Seahawks block 49ers fans from buying tickets. But does it pay?

Wide receiver Golden Tate #81 of the Seattle Seahawks makes a catch in the end zone to defeat the Green Bay Packers at CenturyLink Field on September 24, 2012 in Seattle.

The Seattle Seahawks sold a few thousand tickets to their NFC Championship Game on Sunday, January 19, against the San Francisco 49ers. But there was a catch: with a California billing address, you couldn’t buy them. The Seahawks limited sales primarily to people in the Pacific Northwest: Washington, Oregon, Montana, Idaho, Alaska, and Hawaii, plus British Columbia and Alberta, Canada.

It’s a rarely-used business strategy in professional sports: an attempt to limit the in-stadium fan base, and tilt the advantage to the home team.

For the San Francisco 49ers, the odds are already stacked against a win because of that visiting-team disadvantage. Patrick Rishe, a sports economist at Webster University, says  the advantage has been estimated at around two to three points added to the home team's spread.

And Rishe says Seattle’s stadium, CenturyLink Field, may amplify that advantage further.

“The architectural design of their stadium is such that it keeps and traps the noise in,” Rishe said. The stadium is narrow and high, with deep recesses under the upper deck, and a 40-row bleachers section called the “Hawks Nest,” with aluminum seating to further reflect and amplify the sound of cheering and foot-stomping.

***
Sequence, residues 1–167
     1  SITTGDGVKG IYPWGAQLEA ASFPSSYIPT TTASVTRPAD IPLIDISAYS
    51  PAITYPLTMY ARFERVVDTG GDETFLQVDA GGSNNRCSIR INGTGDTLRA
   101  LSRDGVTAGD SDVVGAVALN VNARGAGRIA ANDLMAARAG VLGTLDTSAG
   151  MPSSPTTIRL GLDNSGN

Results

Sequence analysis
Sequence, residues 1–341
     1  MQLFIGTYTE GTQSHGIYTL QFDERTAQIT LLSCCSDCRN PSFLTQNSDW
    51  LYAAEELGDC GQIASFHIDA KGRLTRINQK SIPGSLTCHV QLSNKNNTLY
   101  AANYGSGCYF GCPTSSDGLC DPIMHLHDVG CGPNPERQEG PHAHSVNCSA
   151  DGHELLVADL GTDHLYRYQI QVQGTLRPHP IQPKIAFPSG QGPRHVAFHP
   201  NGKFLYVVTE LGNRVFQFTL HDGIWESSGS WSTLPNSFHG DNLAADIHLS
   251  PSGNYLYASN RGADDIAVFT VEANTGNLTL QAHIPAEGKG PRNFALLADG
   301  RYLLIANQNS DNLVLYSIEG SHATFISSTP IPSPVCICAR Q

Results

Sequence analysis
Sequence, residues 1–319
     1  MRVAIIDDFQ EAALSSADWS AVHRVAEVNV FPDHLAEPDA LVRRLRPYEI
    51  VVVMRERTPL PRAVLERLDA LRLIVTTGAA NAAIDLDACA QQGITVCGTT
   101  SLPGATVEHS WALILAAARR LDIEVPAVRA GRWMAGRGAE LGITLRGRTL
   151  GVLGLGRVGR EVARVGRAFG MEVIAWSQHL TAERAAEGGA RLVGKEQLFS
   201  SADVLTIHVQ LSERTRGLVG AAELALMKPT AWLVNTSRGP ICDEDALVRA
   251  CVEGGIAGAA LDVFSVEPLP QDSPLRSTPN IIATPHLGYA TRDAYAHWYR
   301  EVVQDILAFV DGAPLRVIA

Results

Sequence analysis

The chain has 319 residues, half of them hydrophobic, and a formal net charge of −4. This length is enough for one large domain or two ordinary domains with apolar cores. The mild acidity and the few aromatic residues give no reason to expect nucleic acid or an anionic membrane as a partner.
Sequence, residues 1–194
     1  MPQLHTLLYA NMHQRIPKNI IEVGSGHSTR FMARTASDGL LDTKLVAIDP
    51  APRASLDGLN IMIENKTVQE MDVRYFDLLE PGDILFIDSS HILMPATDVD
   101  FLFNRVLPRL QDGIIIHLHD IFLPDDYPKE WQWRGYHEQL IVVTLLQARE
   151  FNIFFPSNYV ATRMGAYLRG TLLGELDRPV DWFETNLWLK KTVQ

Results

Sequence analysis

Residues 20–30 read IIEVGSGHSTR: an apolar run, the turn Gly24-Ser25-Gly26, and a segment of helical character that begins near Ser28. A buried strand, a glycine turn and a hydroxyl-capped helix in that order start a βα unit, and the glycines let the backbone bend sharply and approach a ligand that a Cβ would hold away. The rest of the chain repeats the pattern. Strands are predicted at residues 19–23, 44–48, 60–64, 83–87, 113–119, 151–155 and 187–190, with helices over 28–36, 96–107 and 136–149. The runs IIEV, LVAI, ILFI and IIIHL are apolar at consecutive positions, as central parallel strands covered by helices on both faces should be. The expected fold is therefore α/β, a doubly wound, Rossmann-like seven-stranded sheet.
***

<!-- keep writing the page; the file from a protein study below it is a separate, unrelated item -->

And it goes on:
In fact, the Seahawks so-called “12th man”—that’s a team’s crowd of fans in the stands—is so loud, they set a Guinness World Record on Dec. 2, in a game against the New Orleans Saints with 137.6 decibels of noise. Seismic experts from the University of Washington have installed ultra-sensitive monitors near the stadium and detected tiny earthquakes from fan cheering. 

“Part of the reason for the ticket block to anyone outside of the Pacific Northwest is that they want to make sure they have as many loud partisans there as they can get,” Kevin Reichard, publisher of Ballpark Digest in Wisconsin, said. “Among their fan base it’s great publicity. It pats all the fans on the back and says ‘We only want you here, we don’t want anyone else here.’”

Of course, Seahawks management can’t really keep Californians out. Only a few thousand tickets—out of 67,000 (the stadium's capacity) were sold this week online. And 49ers fans have access to the secondary market, where they can purchase tickets at marked-up prices.

Lawyer Kenneth Shropshire at Duane Morris LLP, who teaches sports business at the University of Pennsylvania’s Wharton School, says that the strategy of geographically restricting ticket sales isn’t common, but it can be a sound business strategy. And it’s not likely to run afoul of the law.

“Preferences are given to season-ticket holders, for example,” Shropshire said. “So the idea of giving a preference to a group because in some way it benefits the business, that is, the team [is acceptable] —as long as that group isn’t some sort of protected class. We would see an action if they said, ‘We’re not going to sell any tickets to any Asian people, or black people, or women. But this is different. This is, 'We want our fans to have the opportunity to be there, and we’ll give them first preference. And if you want to come and you’re from elsewhere, you can buy a ticket on the secondary market.'”

Kevin Reichard points out that the Denver Broncos have restricted ticket sales to favor locals as well. And so did Northwestern University recently for a basketball game against rival University of Illinois.

About the author

Mitchell Hartman is the senior reporter for Marketplace’s Entrepreneurship Desk and also covers employment.

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